Trek for Teens sup­ports lo­cal youth shel­ter

Kingston Whig-Standard - - FRONT PAGE - JONATHAN LUD­LOW

It’s an all-too-com­mon prob­lem, and one to which many peo­ple turn a blind eye.

For the month of April, the Trek for Teens foun­da­tion is ac­cept­ing do­na­tions of food and cloth­ing for the Kingston Youth Shel­ter.

Trek for Teens is an or­ga­ni­za­tion that be­gan in 2007, through the Ro­tary Club of Eto­bi­coke as part of a pro­gram called Camp En­ter­prise.

“The ob­jec­tive of Camp En­ter­prise is to ex­pose, ex­plore and spur the stu­dent’s imag­i­na­tion on the whole sub­ject of busi­ness and pri­vate en­ter­prise,” as stated on the Camp En­ter­prise web­site.

Stu­dents were tasked with com­ing up with an idea for a char­ity and fundrais­ing plan for it. The idea that was cho­sen was one from a stu­dent, Michael Baz­zoc­chi: Trek for Teens.

Work­ing closely with the Ro­tary Club in its first year, the Trek for Teens Foun­da­tion has been suc­cess­fully and in­de­pen­dently run by stu­dents ever since.

“Ba­si­cally what Trek for Teens is, is we work to raise money and aware­ness for youth home­less­ness in lo­cal com­mu­ni­ties,” Adrian Kuchtaruk, re­gional di­rec­tor for the Kingston Trek for Teens branch, said.

“Two years ago, we in­stilled this club off of the main one in Toronto, and we work very closely with the Kingston Youth Shel­ter.”

In Canada, about 20 per cent of the home­less pop­u­la­tion is be­tween the ages of 16 and 24. At any given time when you look out the win­dow, be­tween 40,000 and 50,000 youth are home­less.

From this fig­ure, at least 70 per cent of youth have been abused in some form, ei­ther sex­u­ally, emo­tion­ally or phys­i­cally, and at least 30 per cent of youth home­less have done work in the sex trade at some point in their life, work­ing in pros­ti­tu­tion or other ex­ploitive prac­tices.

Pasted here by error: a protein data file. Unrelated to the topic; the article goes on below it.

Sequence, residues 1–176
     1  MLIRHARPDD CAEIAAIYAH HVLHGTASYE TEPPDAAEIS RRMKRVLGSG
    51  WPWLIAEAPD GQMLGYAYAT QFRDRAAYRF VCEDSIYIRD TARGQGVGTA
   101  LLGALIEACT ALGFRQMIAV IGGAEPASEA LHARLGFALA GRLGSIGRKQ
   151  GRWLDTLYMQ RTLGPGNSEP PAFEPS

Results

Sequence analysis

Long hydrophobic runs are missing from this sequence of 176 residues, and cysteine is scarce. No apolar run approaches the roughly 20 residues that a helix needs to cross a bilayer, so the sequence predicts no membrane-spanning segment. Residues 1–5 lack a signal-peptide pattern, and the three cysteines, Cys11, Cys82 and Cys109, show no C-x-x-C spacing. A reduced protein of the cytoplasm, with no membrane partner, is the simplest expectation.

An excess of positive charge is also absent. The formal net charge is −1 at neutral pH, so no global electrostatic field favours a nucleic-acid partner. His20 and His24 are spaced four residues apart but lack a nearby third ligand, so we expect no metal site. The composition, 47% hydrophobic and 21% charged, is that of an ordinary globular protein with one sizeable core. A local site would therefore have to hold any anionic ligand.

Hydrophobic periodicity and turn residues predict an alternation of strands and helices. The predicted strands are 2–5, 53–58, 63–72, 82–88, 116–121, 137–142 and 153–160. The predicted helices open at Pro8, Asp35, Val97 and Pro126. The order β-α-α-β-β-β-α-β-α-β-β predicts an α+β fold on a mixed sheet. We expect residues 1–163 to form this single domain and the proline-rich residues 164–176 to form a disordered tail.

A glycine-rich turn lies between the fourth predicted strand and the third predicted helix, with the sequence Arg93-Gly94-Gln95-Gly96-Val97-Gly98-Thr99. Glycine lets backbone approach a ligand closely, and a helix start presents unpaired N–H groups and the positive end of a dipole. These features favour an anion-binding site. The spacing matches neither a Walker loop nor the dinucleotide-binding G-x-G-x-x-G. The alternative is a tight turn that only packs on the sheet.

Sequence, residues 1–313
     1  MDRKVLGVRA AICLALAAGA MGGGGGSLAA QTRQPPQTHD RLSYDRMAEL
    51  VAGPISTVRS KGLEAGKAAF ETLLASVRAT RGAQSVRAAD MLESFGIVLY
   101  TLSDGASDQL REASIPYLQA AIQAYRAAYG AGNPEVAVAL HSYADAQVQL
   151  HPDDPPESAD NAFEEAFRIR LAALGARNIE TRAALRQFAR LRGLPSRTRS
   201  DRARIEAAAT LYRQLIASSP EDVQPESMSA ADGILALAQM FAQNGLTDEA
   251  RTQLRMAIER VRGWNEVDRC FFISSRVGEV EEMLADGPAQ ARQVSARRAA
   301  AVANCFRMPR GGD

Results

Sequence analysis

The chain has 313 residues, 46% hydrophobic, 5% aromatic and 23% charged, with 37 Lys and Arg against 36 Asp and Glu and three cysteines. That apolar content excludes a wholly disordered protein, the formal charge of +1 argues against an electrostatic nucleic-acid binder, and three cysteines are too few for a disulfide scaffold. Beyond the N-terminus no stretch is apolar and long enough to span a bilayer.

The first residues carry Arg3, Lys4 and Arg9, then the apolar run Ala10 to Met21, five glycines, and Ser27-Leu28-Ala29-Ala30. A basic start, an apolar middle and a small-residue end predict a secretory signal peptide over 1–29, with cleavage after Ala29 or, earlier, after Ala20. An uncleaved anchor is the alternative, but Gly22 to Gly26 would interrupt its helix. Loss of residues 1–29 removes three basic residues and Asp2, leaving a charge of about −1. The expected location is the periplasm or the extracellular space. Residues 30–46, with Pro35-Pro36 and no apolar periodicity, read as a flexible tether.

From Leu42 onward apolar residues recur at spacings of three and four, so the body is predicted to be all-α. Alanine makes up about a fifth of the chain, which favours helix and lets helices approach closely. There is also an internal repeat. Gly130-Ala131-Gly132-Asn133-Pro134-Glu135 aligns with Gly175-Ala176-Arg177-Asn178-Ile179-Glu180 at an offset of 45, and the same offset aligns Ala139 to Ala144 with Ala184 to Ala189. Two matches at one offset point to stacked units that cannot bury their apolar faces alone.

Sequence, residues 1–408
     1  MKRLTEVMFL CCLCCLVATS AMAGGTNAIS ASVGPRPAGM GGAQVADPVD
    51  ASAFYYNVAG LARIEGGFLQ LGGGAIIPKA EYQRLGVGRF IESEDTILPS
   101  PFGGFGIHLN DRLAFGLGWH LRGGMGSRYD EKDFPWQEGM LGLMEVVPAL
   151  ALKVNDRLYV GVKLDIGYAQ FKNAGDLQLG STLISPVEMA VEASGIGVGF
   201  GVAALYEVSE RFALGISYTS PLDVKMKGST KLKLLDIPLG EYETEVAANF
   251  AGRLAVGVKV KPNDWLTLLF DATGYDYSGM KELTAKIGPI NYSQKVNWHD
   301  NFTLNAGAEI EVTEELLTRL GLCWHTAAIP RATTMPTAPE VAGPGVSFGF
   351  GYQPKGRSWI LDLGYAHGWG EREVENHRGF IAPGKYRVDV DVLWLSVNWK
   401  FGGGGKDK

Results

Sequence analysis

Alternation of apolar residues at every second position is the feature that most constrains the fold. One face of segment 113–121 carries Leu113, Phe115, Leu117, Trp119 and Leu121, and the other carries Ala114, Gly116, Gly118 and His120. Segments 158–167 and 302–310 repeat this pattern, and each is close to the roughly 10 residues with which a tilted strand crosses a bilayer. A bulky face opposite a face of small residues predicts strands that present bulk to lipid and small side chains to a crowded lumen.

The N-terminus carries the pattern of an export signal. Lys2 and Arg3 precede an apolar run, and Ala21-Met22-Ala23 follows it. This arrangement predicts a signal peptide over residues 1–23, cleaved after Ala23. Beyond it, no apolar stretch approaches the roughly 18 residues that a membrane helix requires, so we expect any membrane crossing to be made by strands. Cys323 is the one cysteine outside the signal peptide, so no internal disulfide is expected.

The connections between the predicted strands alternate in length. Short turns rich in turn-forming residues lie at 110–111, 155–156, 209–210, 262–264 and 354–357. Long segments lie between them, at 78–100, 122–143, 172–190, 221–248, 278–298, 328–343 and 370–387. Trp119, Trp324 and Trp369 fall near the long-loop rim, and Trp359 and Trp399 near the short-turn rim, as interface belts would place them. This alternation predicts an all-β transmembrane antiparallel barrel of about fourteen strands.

While youth can be­come home­less through a va­ri­ety of rea­sons, un­for­tu­nately the av­enues in which they must nav­i­gate be­come very nar­row. A big part of the home­less even­tu­ally have to re­sort to crime, theft and other il­le­gal vices just to sur­vive. Pan­han­dling, which is le­gal in Canada under the Safe Streets of ‘99, is one of the only other op­tions out there.

“With youth home­less­ness, ev­ery­one thinks Toronto or the big­ger cities, but it is a big­ger prob­lem here [Kingston] than peo­ple think, as Kingston is kind of the big­ger city among the smaller towns and cities around.”

In Kingston, one-third of shel­ter users are youth, com­pared with the na­tional es­ti­mate of one-fifth. Ev­ery night, there are around 40 youth spend­ing the night on the street. The life­time cost of hous­ing just a sin­gle one of these in­di­vid­u­als is $1 mil­lion.

See­ing that there didn’t seem to be a lot of sup­port for the Kingston Youth Shel­ter, and want­ing to do what they could to help, Kuchtaruk and two of his friends reached out to Michael Baz­zoc­chi af­ter hear­ing a talk he gave dur­ing a phi­lan­thropy con­fer­ence at Queen’s Univer­sity.

“We no­ticed there wasn’t a lot of clubs specif­i­cally tai­lored to sup­port the Kingston Youth Shel­ter, so we saw it as an op­por­tu­nity when Michael Baz­zoc­chi was here to give his talk. My­self and two of my good friends reached out to Michael and over the sum­mer worked with him to set up the club at Queen’s,” Kuchtaruk said.

The foun­da­tion or­ga­nizes events through­out the year, in­clud­ing com­mu­nity events, con­certs and dances as well as even fash­ion and film shows, with any funds raised go­ing to dif­fer­ent home­less ini­tia­tives, mainly the Kingston Youth Shel­ter.

“We help the youth shel­ter in two ways: mon­e­tary do­na­tions through sev­eral events, and in-kind do­na­tions, so cloth­ing, food, school sup­plies, laun­dry sup­plies,” Kuchtaruk said.

“We do the spring do­na­tion drive be­cause peo­ple are mov­ing out. We tend to see a lot of do­na­tions. Last year we raised just under $2,500 worth of in-kind do­na­tions.”

Re­cently, Trek for Teens held its first mu­sic con­cert in Kingston and also held a Su­per Smash Bros. tour­na­ment that also re­ceived a lot of at­ten­tion.

There are even talks of im­ple­ment­ing an “Amazing Race”-style chal­lenge, sim­i­lar to the one the Toronto club holds ev­ery year.

While things seem to be slowly im­prov­ing, Kuchtaruk be­lieves more can be done.

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